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Network analysis: shortest route, minimal spanning tree and maximal flow problems; PERT including the critical path method; dynamic programming; game theory; integer programming, nonlinear programming. Elements of graph and network theory including paths, circuits, trees, coloring, planarity, matching theory, Hall's theorem, applications to scheduling theory, flows in networks, Menger's theorem, and other topics as time permits. Either Math A or Math Metric spaces, continuity, compactness, classification of surfaces, Euler characteristics, and fundamental groups. Additional topics at the discretion of the instructor.

Curves and surfaces in three-dimensional Euclidean space, first and second fundamental forms, Gaussian and mean curvature, geodesics, Gauss-Bonnet theorem, and non-Euclidean geometry. Curves and surfaces in three-dimensional Euclidean space, first and second fundamental forms, Gaussian and mean curvature, geodesics, Gauss-Bonnet theorem, and non- Euclidean geometry.

Graduate Texts in Mathematics | Awards | LibraryThing

Describes mathematical methods for estimating and evaluating asset pricing models, equilibrium and derivative pricing, options, bonds, and the term-structure of interest rates. Also introduces finance optimization models for risk management and financial engineering. Focuses on the representations, strategies, and language learners use to conceptualize and develop fundamental ideas of mathematics. Includes advanced mathematical problem solving and its implications for teaching and learning at the secondary level.

Continuation of Math A or ED An examination of the major achievements in mathematical thinking throughout history. Topics may include the history of numerical systems in early civilizations, the development of formal proof, mathematical contributions from diverse populations and the impact of technological innovations on mathematics. Concurrent enrollment in Math Enrollment Comments: May be repeated for credit to a maximum of 8 units. Information about the special topics to be presented may be obtained from the office of the Department of Mathematics. Enrollment Comments: May be repeated for credit up to a maximum of four units.

Credit will not be given toward upper-division Mathematics major requirements. Faculty sponsored academic internship in industrial or research firms. Enrollment Comments: Enrollment normally limited to 12 or fewer students. Participants will select a math-related book or papers, read the section before the next meeting and discuss reading at the meeting. Readings may include biographies of mathematicians, histories or popularizations of mathematics, textbooks, and readings in mathematical physics or biology.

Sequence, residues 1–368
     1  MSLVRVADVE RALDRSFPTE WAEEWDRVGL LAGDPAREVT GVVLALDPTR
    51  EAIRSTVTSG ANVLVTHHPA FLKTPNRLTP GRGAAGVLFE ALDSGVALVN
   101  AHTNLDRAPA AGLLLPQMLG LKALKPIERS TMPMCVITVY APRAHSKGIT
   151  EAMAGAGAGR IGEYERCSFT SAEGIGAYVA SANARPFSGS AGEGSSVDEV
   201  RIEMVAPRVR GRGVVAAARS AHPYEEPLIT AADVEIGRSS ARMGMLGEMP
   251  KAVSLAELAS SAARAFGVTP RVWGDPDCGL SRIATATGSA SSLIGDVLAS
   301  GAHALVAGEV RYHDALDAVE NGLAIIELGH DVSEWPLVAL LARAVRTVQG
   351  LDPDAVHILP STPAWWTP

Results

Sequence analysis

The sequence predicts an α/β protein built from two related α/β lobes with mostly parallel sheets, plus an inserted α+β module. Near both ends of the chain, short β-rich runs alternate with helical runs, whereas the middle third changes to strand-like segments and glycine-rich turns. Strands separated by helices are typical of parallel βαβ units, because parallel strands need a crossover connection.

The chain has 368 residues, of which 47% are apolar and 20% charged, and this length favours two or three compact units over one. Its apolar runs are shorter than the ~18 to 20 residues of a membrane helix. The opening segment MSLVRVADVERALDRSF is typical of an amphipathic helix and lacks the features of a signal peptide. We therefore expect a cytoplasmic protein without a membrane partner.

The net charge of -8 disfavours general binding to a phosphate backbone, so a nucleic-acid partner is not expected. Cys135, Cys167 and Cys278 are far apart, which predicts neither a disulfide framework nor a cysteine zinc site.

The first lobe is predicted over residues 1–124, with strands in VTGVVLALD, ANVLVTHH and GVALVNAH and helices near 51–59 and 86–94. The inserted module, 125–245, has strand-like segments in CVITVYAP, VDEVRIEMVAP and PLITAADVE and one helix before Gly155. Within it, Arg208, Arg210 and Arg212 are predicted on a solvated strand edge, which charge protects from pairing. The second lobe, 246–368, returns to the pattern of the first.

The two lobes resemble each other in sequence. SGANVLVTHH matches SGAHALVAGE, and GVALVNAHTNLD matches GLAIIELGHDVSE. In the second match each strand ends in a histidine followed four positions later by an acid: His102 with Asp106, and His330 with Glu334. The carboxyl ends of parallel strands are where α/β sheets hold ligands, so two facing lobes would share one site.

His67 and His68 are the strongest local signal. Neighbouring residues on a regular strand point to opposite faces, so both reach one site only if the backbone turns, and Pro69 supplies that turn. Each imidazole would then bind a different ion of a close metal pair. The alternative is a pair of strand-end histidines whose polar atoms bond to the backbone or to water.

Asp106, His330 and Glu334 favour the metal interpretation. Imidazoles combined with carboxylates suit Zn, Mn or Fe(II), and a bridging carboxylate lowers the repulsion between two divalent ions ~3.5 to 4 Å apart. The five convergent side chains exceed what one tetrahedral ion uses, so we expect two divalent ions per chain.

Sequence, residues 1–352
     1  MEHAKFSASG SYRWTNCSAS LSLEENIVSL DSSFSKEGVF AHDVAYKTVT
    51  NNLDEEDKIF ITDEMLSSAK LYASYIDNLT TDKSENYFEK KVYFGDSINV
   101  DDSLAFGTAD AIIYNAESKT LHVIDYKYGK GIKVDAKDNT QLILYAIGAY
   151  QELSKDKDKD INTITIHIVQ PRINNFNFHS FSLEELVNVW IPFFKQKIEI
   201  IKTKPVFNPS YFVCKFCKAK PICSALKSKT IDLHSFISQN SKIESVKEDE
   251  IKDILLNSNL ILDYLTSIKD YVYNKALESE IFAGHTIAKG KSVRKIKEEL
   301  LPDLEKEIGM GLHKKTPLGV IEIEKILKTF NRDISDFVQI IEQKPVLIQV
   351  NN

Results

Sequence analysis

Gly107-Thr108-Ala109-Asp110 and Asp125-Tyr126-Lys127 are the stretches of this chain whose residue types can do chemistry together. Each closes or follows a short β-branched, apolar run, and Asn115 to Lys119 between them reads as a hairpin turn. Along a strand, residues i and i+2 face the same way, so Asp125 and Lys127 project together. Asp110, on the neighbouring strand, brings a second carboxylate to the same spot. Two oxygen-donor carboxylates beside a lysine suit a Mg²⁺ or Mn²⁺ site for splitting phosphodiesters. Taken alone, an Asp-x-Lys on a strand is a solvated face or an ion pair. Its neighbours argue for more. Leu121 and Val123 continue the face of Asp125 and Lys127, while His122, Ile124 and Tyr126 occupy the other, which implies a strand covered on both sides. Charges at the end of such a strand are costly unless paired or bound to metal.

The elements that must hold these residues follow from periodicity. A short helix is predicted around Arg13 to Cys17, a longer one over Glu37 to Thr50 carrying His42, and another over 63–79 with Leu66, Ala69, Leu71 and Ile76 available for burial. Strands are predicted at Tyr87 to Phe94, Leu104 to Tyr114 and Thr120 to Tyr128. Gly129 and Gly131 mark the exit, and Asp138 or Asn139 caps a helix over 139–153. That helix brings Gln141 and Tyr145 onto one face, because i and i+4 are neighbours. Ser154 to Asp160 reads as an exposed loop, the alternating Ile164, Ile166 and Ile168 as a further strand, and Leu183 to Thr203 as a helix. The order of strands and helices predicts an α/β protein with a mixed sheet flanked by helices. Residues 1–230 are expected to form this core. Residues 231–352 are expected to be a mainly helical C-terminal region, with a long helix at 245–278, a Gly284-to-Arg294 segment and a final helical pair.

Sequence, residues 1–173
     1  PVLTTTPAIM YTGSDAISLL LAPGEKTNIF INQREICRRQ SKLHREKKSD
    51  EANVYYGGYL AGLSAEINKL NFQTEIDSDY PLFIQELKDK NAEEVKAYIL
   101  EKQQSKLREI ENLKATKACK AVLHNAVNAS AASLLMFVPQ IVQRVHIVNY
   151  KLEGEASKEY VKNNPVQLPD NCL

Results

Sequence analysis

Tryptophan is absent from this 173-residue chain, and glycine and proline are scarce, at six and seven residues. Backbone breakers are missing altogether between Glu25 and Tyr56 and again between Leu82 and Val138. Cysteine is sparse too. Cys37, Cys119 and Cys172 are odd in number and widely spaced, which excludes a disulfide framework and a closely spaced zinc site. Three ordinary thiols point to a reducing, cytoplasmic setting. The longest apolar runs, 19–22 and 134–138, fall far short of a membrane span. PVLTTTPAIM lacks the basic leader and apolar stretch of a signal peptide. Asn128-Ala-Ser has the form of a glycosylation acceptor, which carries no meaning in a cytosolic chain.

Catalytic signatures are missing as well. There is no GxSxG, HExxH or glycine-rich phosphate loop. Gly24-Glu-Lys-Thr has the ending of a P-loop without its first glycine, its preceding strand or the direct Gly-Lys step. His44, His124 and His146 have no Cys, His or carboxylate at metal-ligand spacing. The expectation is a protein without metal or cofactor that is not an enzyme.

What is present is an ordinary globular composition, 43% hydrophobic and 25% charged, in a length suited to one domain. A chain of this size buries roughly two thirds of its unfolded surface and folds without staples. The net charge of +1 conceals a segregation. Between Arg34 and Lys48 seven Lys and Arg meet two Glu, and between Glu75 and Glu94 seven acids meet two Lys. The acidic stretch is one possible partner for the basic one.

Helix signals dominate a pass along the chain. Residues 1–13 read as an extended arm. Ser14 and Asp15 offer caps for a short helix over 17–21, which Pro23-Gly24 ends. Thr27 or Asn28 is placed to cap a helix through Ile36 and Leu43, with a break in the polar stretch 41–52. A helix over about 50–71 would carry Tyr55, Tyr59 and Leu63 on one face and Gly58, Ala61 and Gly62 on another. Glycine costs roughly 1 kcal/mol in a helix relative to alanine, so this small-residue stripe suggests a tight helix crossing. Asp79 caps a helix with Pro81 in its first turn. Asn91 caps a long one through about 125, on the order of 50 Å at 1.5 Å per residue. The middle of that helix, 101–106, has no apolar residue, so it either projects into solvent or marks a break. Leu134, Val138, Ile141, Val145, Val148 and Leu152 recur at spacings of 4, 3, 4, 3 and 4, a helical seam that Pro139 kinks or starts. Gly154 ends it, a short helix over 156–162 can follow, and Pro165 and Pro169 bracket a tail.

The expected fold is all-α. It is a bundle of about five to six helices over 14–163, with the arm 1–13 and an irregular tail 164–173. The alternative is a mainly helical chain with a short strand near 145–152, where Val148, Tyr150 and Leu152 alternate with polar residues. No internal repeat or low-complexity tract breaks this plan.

Enrollment Comments: Up to four units may apply to the major. Students must have aminimum overall grade-point average of 3. Independent research under the supervision of a faculty member which will result in a senior thesis. Student will concentrate on reading and gathering material for a thesis. Open to senior majors only; consent of department and instructor. Enrollment Comments: Students must have a minimum overall grade-point average of 3. Up to four units may apply towards the major.

Student will concentrate on writing a thesis. Independent Studies in Mathematics STAFF Prerequisite: Upper-division standing; completion of 2 upper-division courses in math; consent of instructor and department.


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  8. Granas, J. Jaworowski, Reminiscences of Karol Borsuk, Topol. Grove, P. Petersen, Bounding homotopy types by geometry, The Annals of Mathematics , Hilton, Duality in homotopy theory: a retrospective essay,]. Pure Appl. Algebra 19 , Hilton, On some contributions of Karol Borsuk to homotopy theory, Topol. James ed. Kahn, G. Kuperberg, A smooth counterexample to the Seifert conjecture, Ann. Kuperberg, W. Kuperberg, P. Mine, C. Segal, Shape theory, North-Holland Publ.

    Course Listings and Descriptions

    III 17 , Sanjurjo, Stability, attraction and shape: A topological study of flows, vol. Segal, Borsuk's shape theory, Topol. Shchepin, Finite-dimensional bicompact absolute neighborhood retracts are metrizable, Dokl. Nauk SSSR , Simon, S. Thurston, On proof and progress in mathematics, Bull.

    Group theory - Math History - NJ Wildberger

    Viro, O. Ivanov, N. Netsvetaev, V. West, Borsuk's influence on infinite-dimensional topology, Topol.

    http://l0ad57da.justinstalledpanel.com/18328.php Zeeman, On the dunce hat, Topology 2 ,